The wlp must be consistent with these objectives

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The WLP must be consistent with these objectives

  • maintaining or enhancing an economically valuable supply of commercial timber from the woodlot licence area;

  • conserving the productivity and the hydrologic function of soils;

  • conserving within riparian areas, at the landscape level, water quality, fish habitat, wildlife habitat and biodiversity;

  • conserving and protecting cultural heritage resources that are the focus of a traditional use by an aboriginal people that is of continuing importance to that people, and not regulated under the Heritage Conservation Act;

  • subject to section 52 (1) [wildlife tree retention], any “land use objective”

The WLP must be consistent with applicable “land use objectives”

  • Land use objectives are objectives established for Resource Management Zones, Landscape Units or Sensitive Areas, under the Code

  • FRPA section 13(3) indicates a WLP need not be consistent with objectives set by government for

    • retention of old forest (OGMAs),
    • seral stage distribution,
    • landscape connectivity, or
    • temporal and spatial distribution of cutblocks (green-up or maximum cutblock size).
  • WLPPR section 52 indicates a land use objective for wildlife tree retention will only apply if it is < 8% and < a % specified in a WLP.

The WLP must also be consistent with objectives for:

  • a fisheries sensitive watershed

  • water quality for a community watershed

  • the winter survival of specified ungulates,

  • the survival of a species at risk, and the survival of a species of regionally important wildlife

  • an interpretive forest site, recreation site or recreation trail

  • a wildlife habitat area

  • an ungulate winter range

  • a lakeshore management zone for a lake > 5 ha.

  • visual quality in a scenic area

New Wildlife Habitat Objectives

  • Visit the MOE website listed below to see if objectives for habitat conservation have been established over the WL area for:

    • species at risk, or
    • specified ungulate species
  • The WL holder must act in a manner consistent with these objectives.

Personal Objectives

  • Examine your WL management plan for additional commitments or AAC assumptions that create constraints

  • Consider how you can operate to achieve your personal management objectives given the constraints created by government objectives, regulation practice requirements and your WL management plan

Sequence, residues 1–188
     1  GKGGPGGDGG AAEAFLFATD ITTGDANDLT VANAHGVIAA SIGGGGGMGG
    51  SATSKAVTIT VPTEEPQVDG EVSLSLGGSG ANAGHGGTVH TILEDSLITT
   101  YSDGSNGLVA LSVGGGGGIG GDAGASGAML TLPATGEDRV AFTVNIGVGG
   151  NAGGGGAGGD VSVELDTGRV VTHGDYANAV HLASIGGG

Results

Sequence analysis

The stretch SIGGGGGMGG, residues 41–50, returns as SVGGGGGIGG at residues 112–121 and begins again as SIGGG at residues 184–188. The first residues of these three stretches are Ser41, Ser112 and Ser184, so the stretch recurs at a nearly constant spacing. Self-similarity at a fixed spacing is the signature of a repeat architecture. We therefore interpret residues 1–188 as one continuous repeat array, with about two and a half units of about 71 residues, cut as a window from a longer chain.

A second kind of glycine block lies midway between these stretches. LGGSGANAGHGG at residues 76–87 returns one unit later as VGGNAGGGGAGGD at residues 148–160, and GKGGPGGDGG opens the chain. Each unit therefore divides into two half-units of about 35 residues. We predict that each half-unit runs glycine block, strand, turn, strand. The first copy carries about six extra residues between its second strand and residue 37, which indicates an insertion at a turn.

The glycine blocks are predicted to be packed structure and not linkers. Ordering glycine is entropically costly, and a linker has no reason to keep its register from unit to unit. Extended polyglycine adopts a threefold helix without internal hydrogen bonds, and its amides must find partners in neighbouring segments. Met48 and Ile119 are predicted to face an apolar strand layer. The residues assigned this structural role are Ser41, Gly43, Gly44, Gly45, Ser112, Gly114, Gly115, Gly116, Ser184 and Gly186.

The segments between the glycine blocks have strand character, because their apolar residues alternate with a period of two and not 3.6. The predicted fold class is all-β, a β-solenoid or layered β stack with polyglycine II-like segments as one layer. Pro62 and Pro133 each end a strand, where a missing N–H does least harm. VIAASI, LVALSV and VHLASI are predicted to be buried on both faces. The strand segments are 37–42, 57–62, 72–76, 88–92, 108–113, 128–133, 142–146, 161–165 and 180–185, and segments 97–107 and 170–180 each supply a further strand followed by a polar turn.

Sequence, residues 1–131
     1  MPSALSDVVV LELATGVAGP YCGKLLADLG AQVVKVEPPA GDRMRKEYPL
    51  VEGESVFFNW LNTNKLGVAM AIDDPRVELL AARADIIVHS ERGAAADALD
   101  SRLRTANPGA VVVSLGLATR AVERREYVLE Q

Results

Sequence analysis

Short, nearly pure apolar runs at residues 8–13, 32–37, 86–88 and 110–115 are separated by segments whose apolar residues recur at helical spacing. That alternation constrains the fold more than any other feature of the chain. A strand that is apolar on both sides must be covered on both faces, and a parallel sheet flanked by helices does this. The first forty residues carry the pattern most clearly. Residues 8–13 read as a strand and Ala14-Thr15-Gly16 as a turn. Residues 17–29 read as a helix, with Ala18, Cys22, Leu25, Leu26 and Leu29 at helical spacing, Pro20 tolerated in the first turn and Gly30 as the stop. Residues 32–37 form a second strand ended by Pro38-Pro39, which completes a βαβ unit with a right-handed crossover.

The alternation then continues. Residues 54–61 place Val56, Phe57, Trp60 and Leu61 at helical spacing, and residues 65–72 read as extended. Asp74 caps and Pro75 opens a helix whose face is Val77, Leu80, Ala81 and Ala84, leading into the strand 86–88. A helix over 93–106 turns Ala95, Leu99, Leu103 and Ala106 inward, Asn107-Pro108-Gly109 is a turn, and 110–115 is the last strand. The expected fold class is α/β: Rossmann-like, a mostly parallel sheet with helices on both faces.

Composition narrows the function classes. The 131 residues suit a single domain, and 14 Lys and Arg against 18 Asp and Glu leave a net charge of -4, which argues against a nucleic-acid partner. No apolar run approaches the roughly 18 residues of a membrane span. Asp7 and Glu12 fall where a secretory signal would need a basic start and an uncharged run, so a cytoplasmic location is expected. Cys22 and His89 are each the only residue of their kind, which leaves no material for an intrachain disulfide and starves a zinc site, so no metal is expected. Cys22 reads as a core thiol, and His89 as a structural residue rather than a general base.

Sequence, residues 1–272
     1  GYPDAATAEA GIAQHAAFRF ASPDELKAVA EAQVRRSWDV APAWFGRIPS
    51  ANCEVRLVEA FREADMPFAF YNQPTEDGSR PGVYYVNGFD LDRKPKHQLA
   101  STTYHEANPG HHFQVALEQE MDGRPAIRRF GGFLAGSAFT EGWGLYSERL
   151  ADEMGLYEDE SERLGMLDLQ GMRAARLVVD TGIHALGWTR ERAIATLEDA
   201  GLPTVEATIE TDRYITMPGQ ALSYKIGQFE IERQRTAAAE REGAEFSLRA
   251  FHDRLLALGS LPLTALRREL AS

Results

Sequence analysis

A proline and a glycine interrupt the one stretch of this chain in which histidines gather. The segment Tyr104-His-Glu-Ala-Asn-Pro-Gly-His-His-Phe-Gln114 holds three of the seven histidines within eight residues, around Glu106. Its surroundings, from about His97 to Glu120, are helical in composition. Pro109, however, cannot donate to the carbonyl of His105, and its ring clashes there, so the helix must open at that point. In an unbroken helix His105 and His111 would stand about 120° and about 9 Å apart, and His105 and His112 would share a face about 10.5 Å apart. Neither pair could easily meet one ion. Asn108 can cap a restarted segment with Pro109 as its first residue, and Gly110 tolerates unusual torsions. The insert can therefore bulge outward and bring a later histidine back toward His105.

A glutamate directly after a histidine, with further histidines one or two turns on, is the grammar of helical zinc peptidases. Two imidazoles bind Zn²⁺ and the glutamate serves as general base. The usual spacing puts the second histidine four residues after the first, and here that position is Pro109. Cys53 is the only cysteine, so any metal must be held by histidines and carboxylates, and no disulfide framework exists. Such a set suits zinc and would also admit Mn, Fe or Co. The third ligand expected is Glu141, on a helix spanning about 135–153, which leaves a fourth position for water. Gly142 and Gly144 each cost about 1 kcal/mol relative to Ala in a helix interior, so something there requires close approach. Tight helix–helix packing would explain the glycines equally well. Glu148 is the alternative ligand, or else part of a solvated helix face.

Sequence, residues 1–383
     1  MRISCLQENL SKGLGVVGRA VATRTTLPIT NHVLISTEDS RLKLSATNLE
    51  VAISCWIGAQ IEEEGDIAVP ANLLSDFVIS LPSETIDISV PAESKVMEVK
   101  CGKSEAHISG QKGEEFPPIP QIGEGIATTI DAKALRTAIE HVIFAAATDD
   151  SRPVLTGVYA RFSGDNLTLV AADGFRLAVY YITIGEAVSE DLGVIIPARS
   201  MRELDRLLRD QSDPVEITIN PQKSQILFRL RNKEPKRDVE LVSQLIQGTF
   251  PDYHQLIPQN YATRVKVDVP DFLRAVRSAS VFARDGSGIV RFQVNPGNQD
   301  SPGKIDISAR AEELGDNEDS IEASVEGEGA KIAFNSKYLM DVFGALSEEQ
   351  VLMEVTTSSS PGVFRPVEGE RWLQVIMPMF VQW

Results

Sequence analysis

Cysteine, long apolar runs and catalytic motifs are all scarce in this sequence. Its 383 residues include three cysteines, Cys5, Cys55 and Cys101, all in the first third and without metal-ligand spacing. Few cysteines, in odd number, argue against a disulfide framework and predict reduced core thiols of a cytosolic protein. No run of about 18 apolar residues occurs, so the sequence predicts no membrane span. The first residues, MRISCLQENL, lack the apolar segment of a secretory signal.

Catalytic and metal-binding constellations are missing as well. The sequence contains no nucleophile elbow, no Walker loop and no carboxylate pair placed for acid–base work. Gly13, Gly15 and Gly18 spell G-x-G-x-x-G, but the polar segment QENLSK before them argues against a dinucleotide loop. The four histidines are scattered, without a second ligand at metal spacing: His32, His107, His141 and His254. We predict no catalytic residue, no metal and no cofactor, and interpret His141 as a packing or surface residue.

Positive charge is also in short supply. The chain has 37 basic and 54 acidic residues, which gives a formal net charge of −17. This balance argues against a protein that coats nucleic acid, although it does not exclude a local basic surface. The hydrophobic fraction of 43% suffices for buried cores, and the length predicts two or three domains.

Delineating The Land Base

  • Locate government imposed constraints on harvesting, (e.g. ungulate winter range, riparian areas, scenic areas, community watersheds, etc.)

Delineating The Land Base

    • Identify areas where there are management constraints:
      • FN cultural use areas, root rot centers, steep slopes, sensitive soils, natural range barriers, high blowdown potential.
      • low value species or decadent timber, high reforestation cost
    • Decide if and how you should operate in each of these constrained areas or leave them for wildlife tree retention.

Where Harvesting Will be Avoided or Modified

Where Harvesting Will be Avoided

  • Do not show wildlife tree retention areas and riparian reserve zones as areas where you will avoid harvesting.

  • Be careful in designating areas where you will avoid harvesting as WLPPR section 53(1) prohibits “harvesting” in these areas.

  • Refer to the definition of “harvest” to see the full effect of this prohibition.

  • An amendment to the WLP will be needed before any harvesting can be authorized in areas where you indicate you will avoid harvesting.

Where Harvesting will be Modified

  • Be careful in describing where and, in required instances, how you will modify harvesting as:

  • WLPPR section 53(2) requires harvesting to be in accordance with the modifications described in the WLP, and

  • WLPPR section 40(5) restricts the removal of trees from riparian management zones to what is described in the WLP.

Managing Constrained Areas

  • For areas with constraints:

    • Consider if there is a way you can modify your harvesting to achieve desired results.
    • Consider if the area has suitable stand characteristics to become a wildlife tree retention area.
    • Calculate the total area of the WL required for wildlife tree retention and utilize constrained areas if suitable.

Mapping Exercise

  • Identify areas where you will avoid harvesting

  • Identify areas where you will modify harvesting

  • Identify if any of these or other areas are suitable as wildlife tree retention areas

  • Identify where you will need to construct a road in a riparian reserve zone or riparian management zone of a stream, wetland or lake

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